To Buy or Rent? 3 Things You Need to Think About

To Buy or Rent? 3 Things You Need to Think About

For most people, from new college graduates to empty nesters with too much space, the decision of whether to buy or rent a home can prove very difficult. A number of emotional and financial factors play into the decision, and each has its own benefits and drawbacks. Home ownership often has unseen costs, while renting is sometimes more expensive, but all repairs are the responsibility of the property owner. The question of equity is also an important one. With home ownership, individuals build equity over time, but these people are not as free to move should opportunities arise in other parts of the country.

Before deciding whether to rent or purchase a new home, it’s a good idea to consider the following:

  1. The Complete Financial Picture

Before deciding whether to rent or buy, individuals need to take a clear financial inventory to see which option is most financially feasible. When purchasing a repairshome, individuals need to make a down payment that is typically between 5 and 20 percent of the home’s purchase price and then pay the closing costs, which are usually an additional 5 percent. Such expenses significantly exceed the security deposit required to rent rather than buy.

With a purchase, individuals also need to consider maintenance costs. As a good rule of thumb, a mortgage payment should not exceed about 30 percent of monthly income and other monthly debt payments should also not exceed about 35 percent of gross pay. Altogether, this leaves about a third of income to go toward repairs and account for emergency expenses.

Renting helps people stay on a tighter budget because this housing cost is a fixed monthly expense. Whereas homeowners may find themselves needing new appliances, roof repairs, or window treatments at any given time, renters only need to turn to the landlord for such repairs. For some homeowners, the constant expenses of repairs can become overwhelming and prevent them from saving or investing as much as they would like. Renters, on the other hand, typically know exactly how much they can invest or save from each paycheck and can potentially make more money investing their money wisely rather than using it to care for a real estate investment.

  1. The Long-Term Costs and Benefits of Renting and Owning

When conducting a long-term cost/benefit analysis of owning versus renting, the major issue to consider is equity. In terms of equity, most people see home ownership as the superior choice because each payment builds equity, while rent payments are forever lost. Individuals can convert equity into cash by using home equity as collateral. However, equity takes time to build and most payments in the first few years go mostly toward fees and interest. Thus, if homeownerhomeowners move after only a few years, they will have built virtually no equity in the property. Plus, the process of selling a home costs money, so people could actually lose money.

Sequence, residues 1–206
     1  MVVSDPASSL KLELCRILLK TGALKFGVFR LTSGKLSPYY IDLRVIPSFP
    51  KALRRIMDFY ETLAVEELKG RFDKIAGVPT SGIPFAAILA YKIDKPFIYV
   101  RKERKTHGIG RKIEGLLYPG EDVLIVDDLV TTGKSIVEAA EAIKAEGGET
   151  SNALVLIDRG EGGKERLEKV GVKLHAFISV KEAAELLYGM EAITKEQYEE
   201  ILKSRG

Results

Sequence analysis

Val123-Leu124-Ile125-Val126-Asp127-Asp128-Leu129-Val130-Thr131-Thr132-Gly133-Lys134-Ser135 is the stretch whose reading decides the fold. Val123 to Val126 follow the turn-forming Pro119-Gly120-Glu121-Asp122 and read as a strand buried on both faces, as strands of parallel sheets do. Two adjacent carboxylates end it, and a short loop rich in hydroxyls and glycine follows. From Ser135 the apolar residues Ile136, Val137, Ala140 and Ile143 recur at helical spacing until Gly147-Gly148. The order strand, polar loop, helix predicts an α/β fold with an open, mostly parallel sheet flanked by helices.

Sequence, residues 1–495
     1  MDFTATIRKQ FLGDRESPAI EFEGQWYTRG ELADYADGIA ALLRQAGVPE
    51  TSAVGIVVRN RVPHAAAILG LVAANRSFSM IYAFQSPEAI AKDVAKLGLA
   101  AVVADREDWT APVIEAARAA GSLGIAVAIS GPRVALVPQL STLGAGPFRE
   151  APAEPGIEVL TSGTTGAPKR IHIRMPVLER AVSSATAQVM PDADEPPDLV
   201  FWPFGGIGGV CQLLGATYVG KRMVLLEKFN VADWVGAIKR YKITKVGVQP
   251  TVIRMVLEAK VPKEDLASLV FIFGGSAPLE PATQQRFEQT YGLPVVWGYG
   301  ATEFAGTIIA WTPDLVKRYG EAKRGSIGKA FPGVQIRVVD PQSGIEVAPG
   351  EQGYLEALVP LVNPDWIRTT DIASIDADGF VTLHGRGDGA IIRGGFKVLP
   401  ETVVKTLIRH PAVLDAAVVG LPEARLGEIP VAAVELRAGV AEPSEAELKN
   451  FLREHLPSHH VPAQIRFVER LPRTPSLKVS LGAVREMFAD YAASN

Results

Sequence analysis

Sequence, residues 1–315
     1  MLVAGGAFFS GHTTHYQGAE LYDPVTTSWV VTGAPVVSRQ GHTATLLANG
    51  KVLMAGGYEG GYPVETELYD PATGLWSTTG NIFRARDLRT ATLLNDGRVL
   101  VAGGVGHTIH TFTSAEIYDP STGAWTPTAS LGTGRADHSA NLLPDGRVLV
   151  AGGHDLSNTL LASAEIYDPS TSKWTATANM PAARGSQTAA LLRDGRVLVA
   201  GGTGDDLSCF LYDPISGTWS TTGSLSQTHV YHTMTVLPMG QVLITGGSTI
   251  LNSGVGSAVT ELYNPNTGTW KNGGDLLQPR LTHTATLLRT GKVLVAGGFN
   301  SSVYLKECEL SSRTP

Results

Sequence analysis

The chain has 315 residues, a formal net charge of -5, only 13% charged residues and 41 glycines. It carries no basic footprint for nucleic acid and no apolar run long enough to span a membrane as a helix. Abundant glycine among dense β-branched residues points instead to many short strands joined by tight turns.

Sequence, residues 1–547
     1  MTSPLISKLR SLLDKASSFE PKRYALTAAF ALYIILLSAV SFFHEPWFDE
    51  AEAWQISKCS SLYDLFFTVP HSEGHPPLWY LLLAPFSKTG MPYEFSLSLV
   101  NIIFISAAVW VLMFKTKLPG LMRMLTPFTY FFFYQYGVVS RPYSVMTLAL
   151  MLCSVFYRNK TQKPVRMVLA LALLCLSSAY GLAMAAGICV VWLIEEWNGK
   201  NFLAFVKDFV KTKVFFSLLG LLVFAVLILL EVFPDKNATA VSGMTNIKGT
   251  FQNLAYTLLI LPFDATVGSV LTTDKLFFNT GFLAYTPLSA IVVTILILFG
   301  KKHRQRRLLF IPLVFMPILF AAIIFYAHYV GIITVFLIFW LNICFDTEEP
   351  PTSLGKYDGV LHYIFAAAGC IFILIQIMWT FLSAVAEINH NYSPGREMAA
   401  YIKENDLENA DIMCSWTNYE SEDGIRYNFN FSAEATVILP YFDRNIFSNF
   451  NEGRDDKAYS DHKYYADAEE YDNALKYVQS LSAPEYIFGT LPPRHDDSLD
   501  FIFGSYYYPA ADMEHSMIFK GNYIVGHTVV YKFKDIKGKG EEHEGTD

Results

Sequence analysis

Ultimately, homes are an investment, and individuals could end up “underwater” with their mortgages if the real estate market takes a downturn, especially if they did not secure the ideal mortgage. For most people, their primary residence is the largest asset in their financial portfolio. Price appreciation can earn them a great deal of money over the long term, thus enabling them to earn a profit upon selling. This can be especially helpful as individuals enter retirement age and seek to move into a cheaper home and live off the equity from the sale of their previous residence. However, depreciation can also occur. Although this situation is rare, there are parts of the country where homes have recently lost value.

The other major issue that people need to consider is the fact that money spent on mortgage interest and property taxes is deductible on federal income tax returns. This tax break does not exist for renters, although renters do get small tax breaks in some states. Also, much of the profit from selling a primary residence is exempt from federal taxes. People who take out home-equity loans can typically deduct some or all of the interest from federal taxes. However, these tax breaks are really only helpful if individuals have itemized deductions that are greater than the standard deduction. Even if itemization gives people a greater dedication, individuals can only deduct a portion of mortgage interest payment depending upon their tax bracket. Furthermore, home ownership entails property tax payments that continue even after the home is paid for in full.

  1. Lifestyle and Work Considerations

Before purchasing a home, potential homeowners need to look carefully at their jobs and their personal lives. If a job is insecure, then perhaps it is not the best time to buy. A mortgage can lock people into both jobs and cities, so if individuals are not ready to set down roots, then perhaps renting is the better option. Also, people need to plan for the future more when purchasing a home as opposed to renting. People who purchased a “starter” home in 2005 intending to sell and buy something larger a few years later faced a harsh reality. If individuals are planning to have children, they may want to make sure that they have enough space now rather than betting on the ability to purchase something larger down the line.